The Marvelous Land of Oz HTML version
Dr. Nikidik's Famous Wishing Pills
The Tin Woodman was usually a peaceful man, but when occasion required he could
fight as fiercely as a Roman gladiator. So, when the Jackdaws nearly knocked him down
in their rush of wings, and their sharp beaks and claws threatened to damage his brilliant
plating, the Woodman picked up his axe and made it whirl swiftly around his head.
But although many were beaten off in this way, the birds were so numerous and so brave
that they continued the attack as furiously as before. Some of them pecked at the eyes of
the Gump, which hung over the nest in a helpless condition; but the Gump's eyes were of
glass and could not be injured. Others of the Jackdaws rushed at the Saw-Horse; but that
animal, being still upon his back, kicked out so viciously with his wooden legs that he
beat off as many assailants as did the Woodman's axe.
Finding themselves thus opposed, the birds fell upon the Scarecrow's straw, which lay at
the center of the nest, covering Tip and the Woggle-Bug and Jack's pumpkin head, and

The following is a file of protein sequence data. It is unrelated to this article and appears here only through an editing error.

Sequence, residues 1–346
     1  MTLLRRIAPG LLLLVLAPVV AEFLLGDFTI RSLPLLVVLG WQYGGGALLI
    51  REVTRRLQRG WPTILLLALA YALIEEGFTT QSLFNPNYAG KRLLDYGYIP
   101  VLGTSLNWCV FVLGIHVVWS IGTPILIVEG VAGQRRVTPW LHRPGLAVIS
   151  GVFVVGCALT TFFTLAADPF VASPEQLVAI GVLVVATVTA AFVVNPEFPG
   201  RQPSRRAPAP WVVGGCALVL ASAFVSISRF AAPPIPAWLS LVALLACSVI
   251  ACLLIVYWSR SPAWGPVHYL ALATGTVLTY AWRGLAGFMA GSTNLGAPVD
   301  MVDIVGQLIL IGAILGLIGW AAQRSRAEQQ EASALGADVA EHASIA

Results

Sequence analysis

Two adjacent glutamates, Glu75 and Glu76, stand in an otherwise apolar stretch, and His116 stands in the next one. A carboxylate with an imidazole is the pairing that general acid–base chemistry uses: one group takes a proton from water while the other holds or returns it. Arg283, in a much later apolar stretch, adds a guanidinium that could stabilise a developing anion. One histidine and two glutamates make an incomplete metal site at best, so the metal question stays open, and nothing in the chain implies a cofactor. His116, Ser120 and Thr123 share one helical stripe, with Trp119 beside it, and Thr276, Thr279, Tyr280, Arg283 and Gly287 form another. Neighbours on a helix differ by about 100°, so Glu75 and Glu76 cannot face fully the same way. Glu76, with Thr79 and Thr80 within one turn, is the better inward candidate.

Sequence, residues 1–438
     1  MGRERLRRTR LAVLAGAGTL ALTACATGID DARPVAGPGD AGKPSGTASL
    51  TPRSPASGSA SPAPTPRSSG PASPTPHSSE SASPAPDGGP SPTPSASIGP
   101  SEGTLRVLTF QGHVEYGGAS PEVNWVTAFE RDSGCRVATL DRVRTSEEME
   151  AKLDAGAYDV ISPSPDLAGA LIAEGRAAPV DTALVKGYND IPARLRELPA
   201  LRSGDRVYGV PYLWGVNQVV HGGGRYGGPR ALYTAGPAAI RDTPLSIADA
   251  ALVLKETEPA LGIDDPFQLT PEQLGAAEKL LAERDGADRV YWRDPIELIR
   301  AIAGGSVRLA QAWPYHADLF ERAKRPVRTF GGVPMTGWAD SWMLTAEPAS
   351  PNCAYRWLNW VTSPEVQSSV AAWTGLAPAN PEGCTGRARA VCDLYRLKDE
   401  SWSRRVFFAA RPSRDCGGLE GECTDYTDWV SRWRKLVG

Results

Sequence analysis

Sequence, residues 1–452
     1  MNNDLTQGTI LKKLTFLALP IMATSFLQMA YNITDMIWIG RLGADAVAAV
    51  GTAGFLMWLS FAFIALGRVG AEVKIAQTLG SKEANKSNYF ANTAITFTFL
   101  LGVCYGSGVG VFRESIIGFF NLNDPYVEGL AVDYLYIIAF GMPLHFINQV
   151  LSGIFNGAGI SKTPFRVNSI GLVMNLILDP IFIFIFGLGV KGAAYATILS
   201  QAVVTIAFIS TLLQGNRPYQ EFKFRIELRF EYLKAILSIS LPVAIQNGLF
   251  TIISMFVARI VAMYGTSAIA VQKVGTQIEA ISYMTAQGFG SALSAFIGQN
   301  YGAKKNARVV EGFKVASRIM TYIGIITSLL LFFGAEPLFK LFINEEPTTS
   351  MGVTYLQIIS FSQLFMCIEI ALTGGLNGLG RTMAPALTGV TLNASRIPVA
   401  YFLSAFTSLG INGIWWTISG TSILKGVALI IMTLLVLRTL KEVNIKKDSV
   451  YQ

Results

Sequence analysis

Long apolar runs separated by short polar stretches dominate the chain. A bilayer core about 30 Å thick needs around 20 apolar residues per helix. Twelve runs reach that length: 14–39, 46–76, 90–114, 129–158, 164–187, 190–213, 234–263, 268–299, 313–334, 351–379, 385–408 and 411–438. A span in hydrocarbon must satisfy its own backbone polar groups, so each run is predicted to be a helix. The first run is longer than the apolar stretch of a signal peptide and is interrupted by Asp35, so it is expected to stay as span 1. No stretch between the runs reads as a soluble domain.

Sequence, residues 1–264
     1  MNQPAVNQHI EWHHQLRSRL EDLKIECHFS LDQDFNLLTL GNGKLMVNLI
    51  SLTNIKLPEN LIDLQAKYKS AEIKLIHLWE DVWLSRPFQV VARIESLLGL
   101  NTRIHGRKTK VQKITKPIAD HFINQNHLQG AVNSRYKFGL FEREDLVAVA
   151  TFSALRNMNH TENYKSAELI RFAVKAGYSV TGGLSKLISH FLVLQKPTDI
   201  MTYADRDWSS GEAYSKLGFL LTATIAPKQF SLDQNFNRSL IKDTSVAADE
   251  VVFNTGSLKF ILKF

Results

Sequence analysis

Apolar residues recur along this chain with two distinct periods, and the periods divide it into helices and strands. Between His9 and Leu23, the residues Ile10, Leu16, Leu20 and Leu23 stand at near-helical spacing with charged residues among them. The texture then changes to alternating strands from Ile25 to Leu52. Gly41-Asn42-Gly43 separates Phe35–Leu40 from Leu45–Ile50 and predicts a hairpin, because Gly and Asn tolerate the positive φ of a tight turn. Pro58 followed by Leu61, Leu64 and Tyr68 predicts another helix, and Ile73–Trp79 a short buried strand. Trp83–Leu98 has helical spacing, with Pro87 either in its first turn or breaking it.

began tearing it away and flying off with it, only to let it drop, straw by straw into the
great gulf beneath.
The Scarecrow's head, noting with dismay this wanton destruction of his interior, cried to
the Tin Woodman to save him; and that good friend responded with renewed energy. His
axe fairly flashed among the Jackdaws, and fortunately the Gump began wildly waving
the two wings remaining on the left side of its body. The flutter of these great wings filled
the Jackdaws with terror, and when the Gump by its exertions freed itself from the peg of
rock on which it hung, and sank flopping into the nest, the alarm of the birds knew no
bounds and they fled screaming over the mountains.
When the last foe had disappeared, Tip crawled from under the sofas and assisted the
Woggle-Bug to follow him.
"We are saved!" shouted the boy, delightedly.
"We are, indeed!" responded the Educated Insect, fairly hugging the stiff head of the
Gump in his joy. "and we owe it all to the flopping of the Thing, and the good axe of the
"If I am saved, get me out of here!" called Jack; whose head was still beneath the sofas;
and Tip managed to roll the pumpkin out and place it upon its neck again. He also set the
Saw-Horse upright, and said to it:
"We owe you many thanks for the gallant fight you made."
"I really think we have escaped very nicely," remarked the Tin Woodman, in a tone of
"Not so!" exclaimed a hollow voice.